debate continues as to whether theyre alive or not as they have no
means of replicating their own genetic information
intracellular hosts required

genetic information in viruses

either DNA or RNA
never both!!!!

The nucleic acid core is either DNA or

RNA, not both!
The type and number of strands of
genetic info is a classification criteria.
The numberand arrangement of
capsomeres are another classification
criteria and helps to distinguish
between types of viruses.
A viron without an envelope is
considered naked.
Envelopes consist of host membranes
and expressed viral genes. Theyre
made of lipids, proteins, and
carbohydrates. Some may have
spikes made of glycoproteins that
extend from the viral envelope and
assist in recognition and attachment
to the host cell.

Viruses with envelopes are able to

more easily evade the hosts immune
system as they use host cell
membranes in their envelope.
However, naked viruses are harder to
kill with disinfectants as they do not
contain that layer in which to target.

range in size from
240nm (the size of
the smallest
bacteria) to less
than 30nm (the size
of a ribosome)

host cells
viruses need a host cell
the host range of a virus is the spectrum of hosts that a virus can
most viruses have a viral specificity limited to a certain species and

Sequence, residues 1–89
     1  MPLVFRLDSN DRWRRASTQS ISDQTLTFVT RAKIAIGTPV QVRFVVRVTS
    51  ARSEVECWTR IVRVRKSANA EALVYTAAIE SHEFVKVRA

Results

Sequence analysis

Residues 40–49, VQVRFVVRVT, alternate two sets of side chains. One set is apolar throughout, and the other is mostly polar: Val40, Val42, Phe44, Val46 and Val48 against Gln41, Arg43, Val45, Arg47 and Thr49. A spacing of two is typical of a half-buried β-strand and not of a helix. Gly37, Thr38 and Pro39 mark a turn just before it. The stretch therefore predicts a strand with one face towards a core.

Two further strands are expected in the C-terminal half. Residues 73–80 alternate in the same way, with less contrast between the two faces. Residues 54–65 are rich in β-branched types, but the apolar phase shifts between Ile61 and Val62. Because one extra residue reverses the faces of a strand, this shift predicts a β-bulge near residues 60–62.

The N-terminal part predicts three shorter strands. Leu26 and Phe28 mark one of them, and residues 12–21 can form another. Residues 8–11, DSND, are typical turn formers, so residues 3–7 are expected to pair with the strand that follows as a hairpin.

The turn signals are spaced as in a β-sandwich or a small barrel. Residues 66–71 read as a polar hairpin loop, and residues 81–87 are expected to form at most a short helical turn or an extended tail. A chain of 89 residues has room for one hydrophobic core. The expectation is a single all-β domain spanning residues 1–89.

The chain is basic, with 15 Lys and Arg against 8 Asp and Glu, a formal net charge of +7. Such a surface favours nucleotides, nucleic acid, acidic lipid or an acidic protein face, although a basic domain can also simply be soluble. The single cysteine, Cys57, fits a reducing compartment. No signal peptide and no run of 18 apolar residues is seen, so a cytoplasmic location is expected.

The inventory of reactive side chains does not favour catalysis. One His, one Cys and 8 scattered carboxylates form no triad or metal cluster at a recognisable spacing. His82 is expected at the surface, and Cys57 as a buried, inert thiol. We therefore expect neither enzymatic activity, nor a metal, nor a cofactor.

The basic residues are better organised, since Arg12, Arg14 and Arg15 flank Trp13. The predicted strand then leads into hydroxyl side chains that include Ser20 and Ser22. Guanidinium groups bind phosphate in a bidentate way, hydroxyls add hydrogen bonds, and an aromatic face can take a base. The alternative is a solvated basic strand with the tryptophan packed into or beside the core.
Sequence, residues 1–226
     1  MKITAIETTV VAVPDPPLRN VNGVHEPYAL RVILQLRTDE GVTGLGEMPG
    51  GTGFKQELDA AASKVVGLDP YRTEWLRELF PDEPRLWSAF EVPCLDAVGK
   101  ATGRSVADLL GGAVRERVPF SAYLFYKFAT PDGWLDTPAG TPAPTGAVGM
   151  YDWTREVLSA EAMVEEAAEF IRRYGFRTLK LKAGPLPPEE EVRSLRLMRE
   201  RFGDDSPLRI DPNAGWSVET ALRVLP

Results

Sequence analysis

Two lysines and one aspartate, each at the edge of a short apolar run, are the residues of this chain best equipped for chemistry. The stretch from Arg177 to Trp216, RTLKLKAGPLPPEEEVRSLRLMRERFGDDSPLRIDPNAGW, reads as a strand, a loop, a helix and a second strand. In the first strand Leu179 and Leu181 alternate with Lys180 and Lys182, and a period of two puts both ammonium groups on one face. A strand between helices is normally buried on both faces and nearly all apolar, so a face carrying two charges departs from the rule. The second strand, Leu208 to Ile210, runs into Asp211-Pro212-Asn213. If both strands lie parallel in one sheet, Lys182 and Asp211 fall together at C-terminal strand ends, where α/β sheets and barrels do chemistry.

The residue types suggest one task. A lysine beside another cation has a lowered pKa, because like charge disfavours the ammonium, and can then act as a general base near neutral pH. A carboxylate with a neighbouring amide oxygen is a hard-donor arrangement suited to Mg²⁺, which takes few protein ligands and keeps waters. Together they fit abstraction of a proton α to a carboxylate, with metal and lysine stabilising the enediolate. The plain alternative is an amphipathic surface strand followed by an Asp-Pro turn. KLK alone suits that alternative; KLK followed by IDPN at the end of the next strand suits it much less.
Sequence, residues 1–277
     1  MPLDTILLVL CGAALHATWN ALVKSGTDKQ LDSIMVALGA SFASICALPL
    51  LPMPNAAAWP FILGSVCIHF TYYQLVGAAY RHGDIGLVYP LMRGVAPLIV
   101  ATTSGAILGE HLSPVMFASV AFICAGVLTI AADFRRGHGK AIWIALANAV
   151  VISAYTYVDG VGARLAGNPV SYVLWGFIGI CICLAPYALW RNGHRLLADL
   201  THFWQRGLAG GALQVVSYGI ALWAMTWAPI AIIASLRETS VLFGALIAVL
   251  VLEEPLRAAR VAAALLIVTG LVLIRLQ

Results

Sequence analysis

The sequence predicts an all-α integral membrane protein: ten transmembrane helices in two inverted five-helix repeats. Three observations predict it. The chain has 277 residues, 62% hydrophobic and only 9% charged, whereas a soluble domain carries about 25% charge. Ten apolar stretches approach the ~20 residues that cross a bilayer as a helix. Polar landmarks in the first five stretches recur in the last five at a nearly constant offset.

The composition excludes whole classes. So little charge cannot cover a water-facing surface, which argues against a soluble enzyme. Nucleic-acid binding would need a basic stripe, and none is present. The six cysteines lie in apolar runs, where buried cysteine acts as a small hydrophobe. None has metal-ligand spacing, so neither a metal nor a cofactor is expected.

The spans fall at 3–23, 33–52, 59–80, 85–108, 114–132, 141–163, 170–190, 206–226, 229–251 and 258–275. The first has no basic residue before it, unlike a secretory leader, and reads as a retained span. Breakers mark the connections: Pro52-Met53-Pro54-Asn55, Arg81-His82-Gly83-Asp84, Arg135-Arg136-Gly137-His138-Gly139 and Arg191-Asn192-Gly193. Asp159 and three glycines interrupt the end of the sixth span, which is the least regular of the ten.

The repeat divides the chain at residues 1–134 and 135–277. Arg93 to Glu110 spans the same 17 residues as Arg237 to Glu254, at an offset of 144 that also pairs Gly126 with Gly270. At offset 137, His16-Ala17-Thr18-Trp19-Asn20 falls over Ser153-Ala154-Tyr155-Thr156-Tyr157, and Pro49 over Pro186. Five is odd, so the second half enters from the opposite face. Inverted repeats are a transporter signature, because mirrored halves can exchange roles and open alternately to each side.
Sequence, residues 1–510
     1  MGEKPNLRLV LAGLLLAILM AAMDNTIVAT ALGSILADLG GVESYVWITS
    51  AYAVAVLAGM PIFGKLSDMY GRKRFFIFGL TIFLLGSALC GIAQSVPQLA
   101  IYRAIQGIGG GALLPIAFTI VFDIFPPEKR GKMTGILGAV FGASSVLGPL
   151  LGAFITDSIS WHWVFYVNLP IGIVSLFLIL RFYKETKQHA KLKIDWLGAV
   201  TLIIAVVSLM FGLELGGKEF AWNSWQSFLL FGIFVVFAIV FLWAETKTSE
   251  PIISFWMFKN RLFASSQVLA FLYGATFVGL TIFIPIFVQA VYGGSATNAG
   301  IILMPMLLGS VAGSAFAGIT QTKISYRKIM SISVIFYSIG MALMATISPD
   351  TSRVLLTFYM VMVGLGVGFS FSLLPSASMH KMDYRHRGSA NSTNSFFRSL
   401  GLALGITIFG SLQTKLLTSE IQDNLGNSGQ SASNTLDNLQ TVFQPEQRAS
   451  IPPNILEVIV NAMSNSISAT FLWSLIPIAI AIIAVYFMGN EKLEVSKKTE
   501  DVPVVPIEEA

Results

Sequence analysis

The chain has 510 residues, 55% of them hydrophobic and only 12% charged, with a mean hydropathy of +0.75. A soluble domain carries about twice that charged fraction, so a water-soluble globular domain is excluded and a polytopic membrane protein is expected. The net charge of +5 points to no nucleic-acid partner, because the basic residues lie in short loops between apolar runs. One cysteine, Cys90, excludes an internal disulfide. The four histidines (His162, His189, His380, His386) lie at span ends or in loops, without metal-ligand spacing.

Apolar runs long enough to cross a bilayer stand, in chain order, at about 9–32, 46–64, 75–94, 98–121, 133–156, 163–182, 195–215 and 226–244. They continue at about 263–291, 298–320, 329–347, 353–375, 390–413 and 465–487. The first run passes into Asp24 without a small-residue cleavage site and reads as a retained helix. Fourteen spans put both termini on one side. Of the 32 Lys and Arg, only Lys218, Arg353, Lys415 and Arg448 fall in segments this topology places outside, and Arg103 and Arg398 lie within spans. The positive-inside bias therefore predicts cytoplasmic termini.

even specific tissues within a specific host
ex: HIV attacks human CD4 T cells
HPV infects human skin cells

viral classifications
viruses are classified based on:

type and structure of nucleic acid

method of replication
host range
other chemical and physical characteristics
such as arrangement of morphology

viral species
a viral species is defined as a group of viruses that share the same
genome and the same relationships with organisms
ex: FIV is a very similar genetically to HIV but they are not the same viral
species due to their relationship with different organisms (cats vs. humans)
viral species names do not follow binomial nomenclature and are in English

step 1: nucleic acid classification

will split into DNA or RNA viruses
from there, number and type of strands can be evaluated
DNA can be single-stranded or double-stranded
RNA can be single stranded, positive sense, negative sense or doublestranded

RNA vs. DNA viruses

a positive sense RNA can act like mRNA in
the cell and be directly translated
negative sense RNA must make a